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Battered and Booed
2005-04-07 05:21
by Alex Belth
Note: The Bronx Banter blog has moved to bronxbanterblog.com.

Yes, Mariano Rivera did hear the boo birds as he walked off the mound yesterday in the ninth inning. But as Cliff already noted, TV cameras showed many fans standing and clapping too (and no, they weren't all from Boston).

Mike Lupica covered the scene in the locker room after the game:

Rivera was asked: What did Joe say?

Rivera said, "He told me I was beautiful."

Did he hear the boos?

"I am not deaf."

The ground ball to A-Rod?

"I thought it was over."

Then Rivera, who like Jeter has always been this combination of talent and grace and heart, said this:

"I've been in the World Series, buddy. And lost. That's behind me now."

What we see in two straight games in April doesn't mean the Red Sox will always have Rivera's number. Or that the Yankees can't win everything this season with him as their closer the way they have won three times already with him as their closer. It doesn't mean he is washed up, even though no power relief pitcher in history has gone this long and this hard and with this kind of sustained excellence. Maybe he took the whole winter off for a reason.

"I don't live in the past," he said yesterday.

He does not. You cannot in his line of work. There will never be another closer like this, not here or anywhere else. He was a champion yesterday in front of his locker, even if he was not against the Red Sox. He does not live in the past but that is where his best days are.

Alex Rodriguez, who is portrayed as a heel in an article by Ken Rosenthal, took responsibility for his key error in the ninth inning. Derek Jeter was taken to the hospital as a precaution after taking one in the noggin. He seems to be a-okay.

Comments
2005-04-07 05:43:56
1.   Alex Belth
I was talking to my friend Alex Ciepley yesterday. He's a Cub fan and he suggested that Rivera is to the Sox what Pedro was to the Yankees. At first I dismissed it, but it's not a bad analogy. Of course, a starting pitcher and a relief ace are different but you get the point: Martinez was the symbol of the Red Sox excellence, just as Rivera is the symbol of Yankee excellence. The Bombers never dominated Pedro but they did pretty much break even against him, which is saying something. The Sox haven't dominated Rivera--though he has blown four straight saves against them--but they more than hold their own against him.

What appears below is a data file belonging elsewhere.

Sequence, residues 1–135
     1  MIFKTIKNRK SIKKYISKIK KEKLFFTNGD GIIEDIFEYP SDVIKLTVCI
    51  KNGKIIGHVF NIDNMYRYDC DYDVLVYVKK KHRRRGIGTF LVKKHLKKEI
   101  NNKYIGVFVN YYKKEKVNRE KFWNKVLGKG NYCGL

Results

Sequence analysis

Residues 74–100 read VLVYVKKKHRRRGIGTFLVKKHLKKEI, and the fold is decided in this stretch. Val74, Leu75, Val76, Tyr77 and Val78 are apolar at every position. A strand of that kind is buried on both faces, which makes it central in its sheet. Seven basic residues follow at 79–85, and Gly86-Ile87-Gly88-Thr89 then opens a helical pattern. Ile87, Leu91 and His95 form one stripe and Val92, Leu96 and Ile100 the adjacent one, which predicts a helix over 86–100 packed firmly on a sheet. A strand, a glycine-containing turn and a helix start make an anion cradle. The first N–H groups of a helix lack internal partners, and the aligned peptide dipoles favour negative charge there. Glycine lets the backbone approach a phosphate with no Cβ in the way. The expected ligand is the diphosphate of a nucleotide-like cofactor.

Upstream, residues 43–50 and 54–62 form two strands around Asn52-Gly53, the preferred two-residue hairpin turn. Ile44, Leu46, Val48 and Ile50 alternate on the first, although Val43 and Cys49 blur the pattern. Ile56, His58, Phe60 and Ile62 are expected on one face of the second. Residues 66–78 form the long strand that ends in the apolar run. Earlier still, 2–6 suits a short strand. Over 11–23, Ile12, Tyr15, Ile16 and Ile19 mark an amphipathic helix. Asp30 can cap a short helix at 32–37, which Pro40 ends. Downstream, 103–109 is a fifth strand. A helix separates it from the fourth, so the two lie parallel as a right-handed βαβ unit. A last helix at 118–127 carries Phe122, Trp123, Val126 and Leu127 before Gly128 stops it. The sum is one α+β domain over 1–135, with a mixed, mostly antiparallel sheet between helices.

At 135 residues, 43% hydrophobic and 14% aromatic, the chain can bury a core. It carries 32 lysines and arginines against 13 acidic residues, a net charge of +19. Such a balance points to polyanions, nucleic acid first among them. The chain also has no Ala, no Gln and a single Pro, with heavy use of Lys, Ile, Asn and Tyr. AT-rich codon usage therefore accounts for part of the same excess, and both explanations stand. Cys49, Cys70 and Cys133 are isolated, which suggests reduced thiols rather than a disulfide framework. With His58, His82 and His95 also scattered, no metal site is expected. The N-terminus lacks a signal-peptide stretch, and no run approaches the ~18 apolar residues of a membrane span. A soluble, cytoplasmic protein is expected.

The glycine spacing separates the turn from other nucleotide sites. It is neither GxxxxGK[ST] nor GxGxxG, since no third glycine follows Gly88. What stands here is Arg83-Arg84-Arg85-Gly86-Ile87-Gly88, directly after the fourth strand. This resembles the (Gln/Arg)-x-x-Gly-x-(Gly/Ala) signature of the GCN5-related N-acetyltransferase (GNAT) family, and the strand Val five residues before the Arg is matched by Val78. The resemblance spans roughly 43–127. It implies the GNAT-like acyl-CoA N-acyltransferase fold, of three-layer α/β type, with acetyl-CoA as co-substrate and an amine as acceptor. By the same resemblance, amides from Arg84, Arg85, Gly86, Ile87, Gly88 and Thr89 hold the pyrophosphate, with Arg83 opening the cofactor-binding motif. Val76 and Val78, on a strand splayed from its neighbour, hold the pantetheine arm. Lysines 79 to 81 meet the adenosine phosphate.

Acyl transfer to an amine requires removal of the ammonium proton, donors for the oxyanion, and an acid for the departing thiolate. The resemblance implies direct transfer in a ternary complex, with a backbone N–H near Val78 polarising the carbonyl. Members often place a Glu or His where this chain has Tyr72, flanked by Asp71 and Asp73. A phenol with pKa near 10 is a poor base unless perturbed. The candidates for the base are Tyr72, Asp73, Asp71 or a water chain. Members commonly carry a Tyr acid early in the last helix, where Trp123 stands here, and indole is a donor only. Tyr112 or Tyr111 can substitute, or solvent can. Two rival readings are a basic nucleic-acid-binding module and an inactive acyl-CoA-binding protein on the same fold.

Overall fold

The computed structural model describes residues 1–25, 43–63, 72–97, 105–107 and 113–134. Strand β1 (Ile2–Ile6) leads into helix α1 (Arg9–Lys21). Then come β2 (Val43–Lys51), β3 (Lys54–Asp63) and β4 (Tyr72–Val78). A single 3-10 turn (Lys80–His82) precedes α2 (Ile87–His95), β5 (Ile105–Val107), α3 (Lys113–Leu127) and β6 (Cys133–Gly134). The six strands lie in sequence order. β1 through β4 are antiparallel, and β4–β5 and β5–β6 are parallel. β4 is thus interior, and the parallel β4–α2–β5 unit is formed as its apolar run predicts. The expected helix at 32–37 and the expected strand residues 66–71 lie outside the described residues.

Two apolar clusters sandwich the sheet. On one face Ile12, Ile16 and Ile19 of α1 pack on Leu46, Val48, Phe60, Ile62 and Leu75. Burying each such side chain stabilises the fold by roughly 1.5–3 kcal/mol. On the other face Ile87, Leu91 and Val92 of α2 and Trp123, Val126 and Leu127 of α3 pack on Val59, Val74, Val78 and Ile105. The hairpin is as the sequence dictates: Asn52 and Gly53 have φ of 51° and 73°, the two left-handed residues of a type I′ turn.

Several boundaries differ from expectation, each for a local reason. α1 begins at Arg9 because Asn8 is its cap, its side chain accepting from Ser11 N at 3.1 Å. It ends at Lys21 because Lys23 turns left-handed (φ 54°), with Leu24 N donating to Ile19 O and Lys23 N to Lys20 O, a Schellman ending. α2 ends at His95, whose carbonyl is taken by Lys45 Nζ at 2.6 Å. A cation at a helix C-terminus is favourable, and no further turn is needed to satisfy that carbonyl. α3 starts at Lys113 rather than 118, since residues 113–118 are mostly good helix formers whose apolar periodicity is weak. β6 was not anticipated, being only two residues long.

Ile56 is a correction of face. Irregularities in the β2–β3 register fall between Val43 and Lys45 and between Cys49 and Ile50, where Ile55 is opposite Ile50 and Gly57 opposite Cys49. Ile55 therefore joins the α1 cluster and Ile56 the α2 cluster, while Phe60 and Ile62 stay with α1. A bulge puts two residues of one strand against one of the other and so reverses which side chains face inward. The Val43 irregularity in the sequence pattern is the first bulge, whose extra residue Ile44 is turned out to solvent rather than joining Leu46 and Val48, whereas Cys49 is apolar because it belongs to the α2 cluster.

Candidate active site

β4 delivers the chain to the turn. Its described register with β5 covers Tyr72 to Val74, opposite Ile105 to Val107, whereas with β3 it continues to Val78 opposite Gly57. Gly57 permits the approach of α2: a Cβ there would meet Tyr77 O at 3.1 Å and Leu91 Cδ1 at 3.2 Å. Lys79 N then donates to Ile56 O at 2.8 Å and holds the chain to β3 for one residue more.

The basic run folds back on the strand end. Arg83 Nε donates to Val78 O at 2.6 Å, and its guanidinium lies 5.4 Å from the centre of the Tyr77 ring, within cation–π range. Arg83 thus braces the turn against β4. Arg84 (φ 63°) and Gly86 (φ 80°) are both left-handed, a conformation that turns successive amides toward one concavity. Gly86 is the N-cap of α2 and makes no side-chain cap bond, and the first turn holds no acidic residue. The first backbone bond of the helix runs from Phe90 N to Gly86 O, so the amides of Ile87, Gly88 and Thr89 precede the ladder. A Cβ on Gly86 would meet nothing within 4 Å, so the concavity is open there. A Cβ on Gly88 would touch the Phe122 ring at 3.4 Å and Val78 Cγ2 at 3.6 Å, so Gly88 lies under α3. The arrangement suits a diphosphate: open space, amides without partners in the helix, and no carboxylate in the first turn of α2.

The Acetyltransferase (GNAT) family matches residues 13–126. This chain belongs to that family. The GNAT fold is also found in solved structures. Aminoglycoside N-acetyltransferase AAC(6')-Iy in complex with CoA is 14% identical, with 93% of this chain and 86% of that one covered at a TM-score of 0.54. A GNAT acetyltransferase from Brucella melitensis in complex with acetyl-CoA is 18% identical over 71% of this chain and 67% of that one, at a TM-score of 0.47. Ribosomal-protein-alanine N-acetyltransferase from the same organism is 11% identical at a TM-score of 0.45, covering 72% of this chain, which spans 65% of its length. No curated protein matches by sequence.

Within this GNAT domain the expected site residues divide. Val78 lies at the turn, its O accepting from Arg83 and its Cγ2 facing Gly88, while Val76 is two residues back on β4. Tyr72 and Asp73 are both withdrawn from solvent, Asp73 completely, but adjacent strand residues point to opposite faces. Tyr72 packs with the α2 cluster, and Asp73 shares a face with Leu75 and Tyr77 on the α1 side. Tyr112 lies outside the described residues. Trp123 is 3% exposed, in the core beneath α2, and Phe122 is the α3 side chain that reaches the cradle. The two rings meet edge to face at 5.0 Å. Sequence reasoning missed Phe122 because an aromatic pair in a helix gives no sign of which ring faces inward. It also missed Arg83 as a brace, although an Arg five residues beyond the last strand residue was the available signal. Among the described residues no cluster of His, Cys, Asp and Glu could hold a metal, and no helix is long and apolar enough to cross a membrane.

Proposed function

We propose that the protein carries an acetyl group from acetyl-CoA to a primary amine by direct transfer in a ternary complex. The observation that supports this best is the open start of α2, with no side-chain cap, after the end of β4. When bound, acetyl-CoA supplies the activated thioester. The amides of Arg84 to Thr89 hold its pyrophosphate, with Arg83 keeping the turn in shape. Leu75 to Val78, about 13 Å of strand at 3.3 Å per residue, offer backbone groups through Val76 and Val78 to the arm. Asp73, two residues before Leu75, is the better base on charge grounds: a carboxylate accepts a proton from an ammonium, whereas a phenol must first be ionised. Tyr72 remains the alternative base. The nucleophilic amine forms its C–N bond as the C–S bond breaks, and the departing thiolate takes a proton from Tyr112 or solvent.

I wonder if the Red Sox crowd will offer up a "Who's Your Daddy?" chant when Rivera appears in Boston this year?

2005-04-07 06:00:39
2.   Knuckles
Re: booing

I can understand both side of this 'outrage' over booing Mo. People pay good money to take the afternoon off work and are within 3 out of seeing a sweep that will turn the tide ever so slightly and set the Yankees' season off on a strong note. Then it's snatched from them by a poor performance from Mo and an E from Alex...

You're upset. Everyone around you is upset. And not the kind of upset that stuns you into silence- the kind that pisses you off and makes you say, "Hey, what's going on here? This is bullshit!"

So you boo. Now we're down to arguing about whether it's ok to boo a guy like Mo. I personally would not. If it's up to me, I boo the club as the game ends, but at that point in time all the rich folks that sat in their corporate seats for the afternoon are long gone.